Acts that disqualify a person from providing direct contact services or caring for children are specified in state law along with the required time period that the disqualification applies. Some disqualifications, such as felony domestic assault, felony crimes against children, criminal sexual conduct and others, permanently prohibit a person from providing direct contact services in settings that require a DHS background study.
If a person is disqualified, the study subject can request reconsideration based on either the fact that:
Along with the notice of disqualification to the background study subject, DHS sends a form and instructions about how to request a reconsideration.
State law requires that the DHS charge a fee that reflects the cost of conducting a background study, including potential appeals and the NETStudy 2.0 system. The fees for child care background studies are:
DHS is preparing to implement the enhanced background studies that will impact all licensed child care programs starting this fall. This also impacts all certified licensed-exempt centers. (Non-licensed providers participating in the Child Care Assistance Program (CCAP) are also impacted by these changes.) These new enhanced background studies are required by changes in federal law. For more information on the new study requirements, go to Minnesota child care provider background studies.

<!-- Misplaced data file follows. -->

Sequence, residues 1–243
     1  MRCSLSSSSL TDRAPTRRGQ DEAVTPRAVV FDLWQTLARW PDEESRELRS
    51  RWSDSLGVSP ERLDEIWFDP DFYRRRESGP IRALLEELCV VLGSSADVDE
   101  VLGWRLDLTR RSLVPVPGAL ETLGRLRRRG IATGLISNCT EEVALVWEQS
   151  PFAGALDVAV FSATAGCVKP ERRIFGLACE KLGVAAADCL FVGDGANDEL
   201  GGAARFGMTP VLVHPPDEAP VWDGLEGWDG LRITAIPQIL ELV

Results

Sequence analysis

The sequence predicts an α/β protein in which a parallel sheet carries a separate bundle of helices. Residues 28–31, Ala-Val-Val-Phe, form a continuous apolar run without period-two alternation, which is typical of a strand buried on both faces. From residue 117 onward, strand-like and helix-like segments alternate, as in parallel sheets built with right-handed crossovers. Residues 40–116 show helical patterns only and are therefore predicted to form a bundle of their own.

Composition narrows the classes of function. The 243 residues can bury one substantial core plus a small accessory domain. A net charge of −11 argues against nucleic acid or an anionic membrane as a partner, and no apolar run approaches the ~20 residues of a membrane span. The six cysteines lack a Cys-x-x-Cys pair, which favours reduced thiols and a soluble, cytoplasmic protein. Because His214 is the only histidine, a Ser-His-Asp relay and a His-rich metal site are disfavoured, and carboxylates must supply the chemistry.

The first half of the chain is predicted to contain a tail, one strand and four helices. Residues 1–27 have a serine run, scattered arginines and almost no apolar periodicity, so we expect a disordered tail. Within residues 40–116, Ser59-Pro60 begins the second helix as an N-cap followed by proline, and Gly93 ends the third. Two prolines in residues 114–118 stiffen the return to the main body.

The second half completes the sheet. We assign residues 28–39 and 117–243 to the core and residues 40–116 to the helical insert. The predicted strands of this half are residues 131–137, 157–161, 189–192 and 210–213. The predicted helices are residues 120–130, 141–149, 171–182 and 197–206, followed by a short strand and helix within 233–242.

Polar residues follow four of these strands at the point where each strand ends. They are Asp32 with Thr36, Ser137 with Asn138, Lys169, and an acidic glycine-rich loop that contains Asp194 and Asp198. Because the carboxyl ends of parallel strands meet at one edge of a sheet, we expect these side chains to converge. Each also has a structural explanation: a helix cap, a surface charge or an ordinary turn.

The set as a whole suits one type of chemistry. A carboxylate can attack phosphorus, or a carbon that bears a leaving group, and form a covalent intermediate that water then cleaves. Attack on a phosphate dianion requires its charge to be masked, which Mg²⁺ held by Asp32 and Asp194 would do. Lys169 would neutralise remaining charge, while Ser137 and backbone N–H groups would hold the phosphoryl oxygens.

The federal Office of Child Care has informed states that they are able to use certain child care block grant funds to help providers pay for the new enhanced background studies.
Accordingly, DHS will pay for the cost of the new background studies for existing providers and their staff/family members who already have a current background study when the new enhanced studies are rolled out. (Non-licensed providers participating in CCAP will also have their costs covered and will receive a separate letter from DHS.)
In 2014, the federal Child Care and Development Block Grant (CCDBG), which funds the federal share of Minnesota’s Child Care Assistance Program (CCAP), was updated. In addition to making changes that affect how CCAP operates, the federal law increased health, safety licensing, and background study requirements. The 2017 Minnesota Legislature passed a law that implemented many of the CCDBG requirements. The 2018 Legislature made additional changes.